I’ve been attempting to start this blog for a long time. I’ve been distracted and overwhelmed by the sheer size of this project, but I realize now the art of blogging is more therapeutic than anxiety-triggering. I’ve never been disciplined enough to keep a journal, and so writing these posts promises to be challenging.
The title, “Kind Reader: These Woods” is a nod to Anne Sexton’s illuminating poem, “Kind Sir: These Woods” in which she grapples with being lost and then found in the moments of self-reflection. I hope that my posts contain the similar literary format of lost immersion, followed by the sudden retrieval of self that is at once different and the same.
To reveal some personal notes about myself, in mid-August of 2011 I moved to Texas to attend graduate school (I’m working on obtaining my M.A. in English). After four years of living in D.C., moving to Texas was a massive uprooting, a decision that forced (and continues to force) me into world of Anne Sexton’s poem. Through this change, I re-discovered how adulthood is simply a reclaiming of that well-known children’s game, though the person doing the uncovering is the same person hiding behind the oak tree.
Purchasing a one way ticket, when most of my friends and family live on the east coast or abroad, was to put it mildly, terrifying. Although I’ve traded the familiar for the unfamiliar numerous times, home was always close by. I remember the walk onto the plane as it idled on D.C.’s tarmac, how it seemed entirely too short. Surely I could linger a little longer?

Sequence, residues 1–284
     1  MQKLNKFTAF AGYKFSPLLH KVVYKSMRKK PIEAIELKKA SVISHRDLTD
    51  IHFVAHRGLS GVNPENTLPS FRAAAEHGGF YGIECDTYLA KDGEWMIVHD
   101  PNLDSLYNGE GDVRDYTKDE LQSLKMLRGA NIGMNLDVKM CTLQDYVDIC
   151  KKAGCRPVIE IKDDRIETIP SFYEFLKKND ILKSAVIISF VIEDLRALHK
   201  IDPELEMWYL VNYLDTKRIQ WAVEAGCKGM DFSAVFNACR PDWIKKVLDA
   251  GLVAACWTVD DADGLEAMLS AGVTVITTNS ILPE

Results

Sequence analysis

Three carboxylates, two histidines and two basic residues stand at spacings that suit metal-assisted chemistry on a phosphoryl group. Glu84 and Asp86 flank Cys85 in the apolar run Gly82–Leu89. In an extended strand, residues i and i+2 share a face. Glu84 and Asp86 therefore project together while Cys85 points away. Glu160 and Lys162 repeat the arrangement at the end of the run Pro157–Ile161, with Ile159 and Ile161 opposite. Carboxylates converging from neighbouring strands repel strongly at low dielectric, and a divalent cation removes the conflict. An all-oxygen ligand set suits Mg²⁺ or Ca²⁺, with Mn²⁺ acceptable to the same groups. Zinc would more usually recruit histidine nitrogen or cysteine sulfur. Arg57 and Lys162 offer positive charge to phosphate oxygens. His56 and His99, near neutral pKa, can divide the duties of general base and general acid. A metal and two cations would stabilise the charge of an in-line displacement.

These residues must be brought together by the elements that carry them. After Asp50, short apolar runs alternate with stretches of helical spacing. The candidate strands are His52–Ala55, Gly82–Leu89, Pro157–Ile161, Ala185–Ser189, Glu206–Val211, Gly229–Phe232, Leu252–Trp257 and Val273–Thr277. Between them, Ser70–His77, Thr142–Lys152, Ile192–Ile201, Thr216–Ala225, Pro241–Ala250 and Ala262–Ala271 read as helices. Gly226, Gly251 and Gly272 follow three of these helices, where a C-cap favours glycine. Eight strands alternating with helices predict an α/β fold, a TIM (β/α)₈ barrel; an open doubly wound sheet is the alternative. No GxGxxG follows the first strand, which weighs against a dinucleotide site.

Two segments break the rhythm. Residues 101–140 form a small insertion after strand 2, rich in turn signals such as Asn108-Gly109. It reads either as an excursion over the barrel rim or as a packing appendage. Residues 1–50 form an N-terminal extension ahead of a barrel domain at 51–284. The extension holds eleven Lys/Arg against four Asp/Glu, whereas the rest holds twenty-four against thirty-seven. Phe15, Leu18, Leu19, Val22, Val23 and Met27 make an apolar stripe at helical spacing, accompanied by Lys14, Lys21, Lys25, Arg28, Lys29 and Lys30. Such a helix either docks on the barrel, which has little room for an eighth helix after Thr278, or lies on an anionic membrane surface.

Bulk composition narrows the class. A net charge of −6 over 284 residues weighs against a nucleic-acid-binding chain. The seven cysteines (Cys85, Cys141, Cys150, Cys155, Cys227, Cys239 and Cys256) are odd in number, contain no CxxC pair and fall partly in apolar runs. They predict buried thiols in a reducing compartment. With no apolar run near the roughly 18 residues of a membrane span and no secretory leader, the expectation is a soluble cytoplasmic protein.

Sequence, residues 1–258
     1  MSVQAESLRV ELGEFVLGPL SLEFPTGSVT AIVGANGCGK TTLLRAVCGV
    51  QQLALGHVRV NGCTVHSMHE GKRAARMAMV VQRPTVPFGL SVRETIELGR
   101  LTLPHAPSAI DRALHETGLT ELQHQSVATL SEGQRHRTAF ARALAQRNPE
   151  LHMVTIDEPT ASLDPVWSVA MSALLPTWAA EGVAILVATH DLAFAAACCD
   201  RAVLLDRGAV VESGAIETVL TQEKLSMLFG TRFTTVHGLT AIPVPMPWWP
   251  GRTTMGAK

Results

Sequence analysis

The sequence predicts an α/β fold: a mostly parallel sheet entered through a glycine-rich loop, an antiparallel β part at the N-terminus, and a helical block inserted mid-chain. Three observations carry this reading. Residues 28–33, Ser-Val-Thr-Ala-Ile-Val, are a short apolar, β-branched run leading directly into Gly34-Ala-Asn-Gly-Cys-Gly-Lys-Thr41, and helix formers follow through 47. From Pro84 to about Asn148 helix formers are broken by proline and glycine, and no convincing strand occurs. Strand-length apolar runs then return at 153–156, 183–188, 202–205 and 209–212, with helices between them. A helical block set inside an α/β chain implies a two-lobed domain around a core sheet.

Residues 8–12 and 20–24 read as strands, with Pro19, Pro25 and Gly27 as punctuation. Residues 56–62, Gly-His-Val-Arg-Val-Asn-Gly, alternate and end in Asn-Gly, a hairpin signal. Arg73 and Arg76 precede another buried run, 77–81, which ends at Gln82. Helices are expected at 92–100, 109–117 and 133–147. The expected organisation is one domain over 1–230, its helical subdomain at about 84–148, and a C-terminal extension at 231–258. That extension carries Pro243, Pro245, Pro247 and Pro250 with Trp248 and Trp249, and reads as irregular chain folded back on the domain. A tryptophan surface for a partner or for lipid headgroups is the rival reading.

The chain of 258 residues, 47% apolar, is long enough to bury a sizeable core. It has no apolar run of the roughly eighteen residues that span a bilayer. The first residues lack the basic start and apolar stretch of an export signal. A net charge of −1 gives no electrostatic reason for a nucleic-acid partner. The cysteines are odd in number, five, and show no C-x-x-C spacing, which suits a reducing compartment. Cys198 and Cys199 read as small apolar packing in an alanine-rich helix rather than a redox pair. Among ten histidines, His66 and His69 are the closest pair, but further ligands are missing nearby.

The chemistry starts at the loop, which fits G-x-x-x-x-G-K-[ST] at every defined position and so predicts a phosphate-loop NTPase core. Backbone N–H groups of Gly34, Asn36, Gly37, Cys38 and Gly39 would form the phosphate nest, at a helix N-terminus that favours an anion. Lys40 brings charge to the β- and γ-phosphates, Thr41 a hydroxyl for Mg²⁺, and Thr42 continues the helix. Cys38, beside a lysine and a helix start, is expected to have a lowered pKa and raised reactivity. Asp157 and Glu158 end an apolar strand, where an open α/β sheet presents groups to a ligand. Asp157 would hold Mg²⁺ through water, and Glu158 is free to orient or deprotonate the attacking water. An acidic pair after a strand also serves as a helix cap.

And now, after 5 months in my program, it is still hard to return to Texas after a visit home. Although I’ve made friends and enjoy the accessibility of biking to the academic buildings and athletic complexes, I’m lonely. Graduate school is exhausting and demanding, and I tend to find comfort in the simple mathematical equation that results in the total remaining weeks until summer.
Still, my coursework is both a challenge and reminder as to why I decided to pursue my Master’s degree. Engaging in literary and gender theory is thrilling, and I love analyzing, as Tracy Chapman brilliantly stated, “the fiction in the space between.” Most importantly, I’m excited to rework my thoughts and to revisit classroom/gender/fiction (etc.) concepts through this medium. In this blog I will attempt literature reviews, present my musings, discuss meals I’ve cooked, and post pictures that document my life. I hope you enjoy, and please feel free to comment.